duplex on Thomas Ave., 5 ½ x 8 ¾ watercolor
I’m picking up a commission today that will include a rendition of twigs of a plant called bittersweet.

Bittersweet pretty much sums up my feelings when I look at this side-by-side duplex where I once lived. I went in a happy, hopeful half of a newlywed couple. I went out alone looking for the nearest apartment. It is difficult to write about this dwelling without dwelling on the marriage that took me there in the first place.

Skipping the bad stuff.
Realtors tell us to look for the shabbiest house on the block. This house fits the bill. It is situated on a street divided by a beautiful median where I sat to do this watercolor. At the end of the street is a tennis court and just one street east is Lake Harriet, formerly known as “the yuppie lake.” This and the home’s quaint Linden Hills neighborhood make the area one of the most desirable places to live in Minneapolis.

I think you’ll agree the painting looks a little cattywampus. I’m including a photo below that also looks cattywampus. Maybe it’s my view of this place that’s cattywampus, making it impossible for me to take or paint a straight rendition of it.

Sep 3, 2011

Home, 1980-1989

The next several Plein Air posts will feature the places in which I lived at one time in Minneapolis, Minnesota. I just returned from a trip there and while visiting, decided it a good thing to paint part of my history. I lived in the Twin City metro area from 1970 until 2003, until I returned to Goldsboro, NC, home of my parents and the later years of my youth.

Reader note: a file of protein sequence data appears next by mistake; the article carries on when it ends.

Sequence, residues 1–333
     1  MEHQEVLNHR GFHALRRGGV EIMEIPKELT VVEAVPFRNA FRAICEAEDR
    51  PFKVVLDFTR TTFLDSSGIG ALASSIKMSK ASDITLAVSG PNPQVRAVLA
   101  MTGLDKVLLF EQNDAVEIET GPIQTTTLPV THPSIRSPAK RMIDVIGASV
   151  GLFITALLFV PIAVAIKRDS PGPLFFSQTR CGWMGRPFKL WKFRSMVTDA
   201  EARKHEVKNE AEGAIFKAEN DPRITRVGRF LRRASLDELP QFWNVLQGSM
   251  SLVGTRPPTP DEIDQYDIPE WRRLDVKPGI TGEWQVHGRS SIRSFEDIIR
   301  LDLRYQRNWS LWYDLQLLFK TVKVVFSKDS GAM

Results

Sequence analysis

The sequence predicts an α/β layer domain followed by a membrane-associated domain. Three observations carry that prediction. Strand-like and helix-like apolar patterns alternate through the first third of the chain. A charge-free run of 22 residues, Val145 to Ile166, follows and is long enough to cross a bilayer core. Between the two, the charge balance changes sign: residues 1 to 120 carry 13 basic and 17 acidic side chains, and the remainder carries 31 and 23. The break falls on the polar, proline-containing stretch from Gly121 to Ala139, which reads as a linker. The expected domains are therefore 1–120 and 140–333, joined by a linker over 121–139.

Home of Behr Lemons, 6 1/4 x 9 1/4" watercolor
When I was in my twenties, I became almost obsessed with owning my own home. Somehow, thirty seemed like the age at which one was supposed to have their name on a property. I rented an upper duplex in Kenwood, an upscale neighborhood in Minneapolis. The duplex was a grand Victorian two-story house with gingerbread woodwork and at least one stained glass window. The duplex I liked second to mine was this prairie-style home in south Minneapolis. Rick Lemons, a friend and fellow art director in the ad business rented the second floor. His living room featured a large skylight that provided light and cheerfulness even in the dead of winter. Sure enough, Rick’s landlords, a married couple who lived downstairs, needed more space when two children from a previous marriage came to live with them. In January of 1980 Rick and I purchased the duplex from them, and became legal tenants-in-common, each with our own unit. Later that year we also became business partners, thus the name Behr Lemons.

I moved out when I married in 1989, but continued to run my freelance graphics business there. When Rick and I were threatened with eviction for operating a business in a non-commercially zoned space, we decided to sell the property. Closing day was on a Monday in early November 1993. Two days later, Rick collapsed from a brain aneurism while working out at a local gym. Sadly, he died just days before his 49th birthday.

I love painting that which is beautiful to behold, but I also enjoy painting places that are meaningful to me in other ways. This gives me time for contemplation and reflection, allowing me to pay tribute to those places or people who have shared a piece of their history with me.